PESHAWAR, Pakistan -- Two policemen and a polio worker were killed by gunmen in separate incidents in restive northwest Pakistan on Friday, officials said.
In the first case, suspected militants fired at two policemen reportedly on their way to guard polio vaccination workers in the Swabi district of Khyber-Pakhtunkhwa province, police said. One of the policemen, Ijaz Ali, was killed immediately, while the second, Iftikhar Ali, died a few hours later at a hospital. Both were shot in the head, said an officer who saw their bodies.
Swabi is the hometown of Khalid Sheik Haqqani, a senior Taliban official.
In the second case, unidentified gunmen on a motorcycle killed polio vaccination team member Muhammad Yousaf Afridi near his house in the Jamrud area of the Kyber tribal region adjoining Peshawar. He was killed as was returning from dispensing oral polio drops to children, said Muhammad Asif, a local official.
In recent months, polio vaccination workers have come under growing threat sparked in part, analysts say, by a doctor’s attempt on behalf of the CIA to obtain DNA from Al Qaeda leader Osama bin Laden’s family using a vaccination campaign as a pretext.
In a country where distrust of foreign intelligence services runs particularly deep, the doctor, Shakil Afridi, was sentenced in May 2012 to 33 years in prison for treason. That sentence was overturned in August and a retrial ordered, but in November he was charged with murder in the death of a patient he treated eight years ago.
No one immediately claimed responsibility for the attacks. But militant Islamists over the past decade have targeted vaccinators, accusing them of secretly attempting to spread AIDS and sterilize Muslims. Among those strongly opposed to the project is Mullah Fazlullah, who was recently appointed to head the Taliban after his predecessor was killed in a drone strike.
In June 2012, the Taliban announced its opposition to polio vaccination efforts. Since then, there have been more than two dozen deaths involving vaccination teams and their security details.
A World Health Organization official, who requested anonymity given that he wasn’t authorized to speak, said the health worker Yousaf’s family had enemies in the area, adding that his elder brother was killed by adversaries about 18 months ago.
“We are not sure whether he was killed because of a personal vendetta or because he was conducting the anti-polio drive,” the official said.
He added that this was the second day of a three-day vaccination drive across the tribal region, with the exception of North and South Waziristan, where militants had banned anyone from administering polio drops in protest over CIA drone strikes.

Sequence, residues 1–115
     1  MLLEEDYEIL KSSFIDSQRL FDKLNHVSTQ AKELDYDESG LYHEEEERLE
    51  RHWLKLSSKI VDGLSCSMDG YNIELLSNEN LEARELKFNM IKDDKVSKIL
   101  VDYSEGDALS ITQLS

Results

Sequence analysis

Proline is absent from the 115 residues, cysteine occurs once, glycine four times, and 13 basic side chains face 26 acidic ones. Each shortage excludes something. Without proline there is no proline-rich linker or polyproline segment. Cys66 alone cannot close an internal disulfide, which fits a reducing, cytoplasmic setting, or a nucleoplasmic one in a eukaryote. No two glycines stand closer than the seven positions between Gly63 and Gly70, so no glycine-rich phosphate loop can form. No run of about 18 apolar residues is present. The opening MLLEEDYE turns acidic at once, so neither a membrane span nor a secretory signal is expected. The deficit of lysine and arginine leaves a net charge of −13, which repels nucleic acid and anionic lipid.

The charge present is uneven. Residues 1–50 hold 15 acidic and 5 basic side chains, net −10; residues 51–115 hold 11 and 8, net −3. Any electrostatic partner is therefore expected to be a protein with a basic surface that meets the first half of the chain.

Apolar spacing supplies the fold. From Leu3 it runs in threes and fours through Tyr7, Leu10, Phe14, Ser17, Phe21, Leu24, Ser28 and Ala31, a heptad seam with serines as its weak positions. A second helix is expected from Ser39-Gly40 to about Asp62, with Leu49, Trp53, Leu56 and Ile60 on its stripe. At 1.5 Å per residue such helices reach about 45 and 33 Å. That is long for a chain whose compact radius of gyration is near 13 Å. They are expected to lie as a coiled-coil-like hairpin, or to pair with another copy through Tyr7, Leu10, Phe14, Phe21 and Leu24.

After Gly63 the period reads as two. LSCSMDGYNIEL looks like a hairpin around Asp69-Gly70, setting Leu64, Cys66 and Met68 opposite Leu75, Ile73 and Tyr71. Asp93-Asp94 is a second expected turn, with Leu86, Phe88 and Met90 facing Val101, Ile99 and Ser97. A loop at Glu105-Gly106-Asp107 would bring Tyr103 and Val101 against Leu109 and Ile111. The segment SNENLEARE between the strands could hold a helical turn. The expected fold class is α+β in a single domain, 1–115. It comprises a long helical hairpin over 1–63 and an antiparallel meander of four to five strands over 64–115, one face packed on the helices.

Health workers have come tantalizingly close to eradicating the crippling disease worldwide, but difficulties faced vaccinating children in conflict areas have made the goal elusive. In March, the United Nations said an estimated 240,000 children across Pakistan's tribal areas have missed vaccinations since July due to security concerns and lax oversight.
The U.N. halted its Pakistan vaccination program in December 2012 after nine vaccination team members were killed, but resumed the effort a month later.
Officials said Friday that approximately 2,000 mobile anti-polio teams had been involved in the vaccination drive in tribal areas adjacent to Afghanistan. These will continue despite the latest attack, they said, but better security in high-risk areas will be sought.
Health workers are hoping an edict by a noted religious scholar with ties to insurgents will help ease suspicion and stem the disease. Maulana Sami-ul-Haq, known as the “Father of the Taliban” for founding a seminary that helped launch the movement in the 1990s, on Wednesday issued a fatwa calling on parents to immunize their children against polio and other fatal diseases, activities he said complied with Islamic law.
Pakistan has registered 72 polio cases so far this year, according to the World Health Organization, compared with 58 in 2012. It is one of three countries along with Afghanistan and Nigeria where the polio virus remains endemic.
Populous India next door -- which in January 2011 saw its last case of "wild" polio, as opposed to those rare cases caused by the actual vaccine -- is wary of reinfection from Pakistan and Afghanistan. In 2009, it reported 741 cases, the most in the world, down from 150,000 in 1985.
On Wednesday, New Delhi announced that travelers from Pakistan and other polio-affected countries would have to furnish proof of a vaccination at least six months before in order to enter the country.
Polio, virtually unheard of these days in developed countries, is extremely contagious and spreads through contaminated water or food, attacking the central nervous system and leading to paralysis and even death.
Special correspondent Ali reported from Peshawar and staff writer Magnier from New Delhi.Copyright © 2015, Los Angeles Times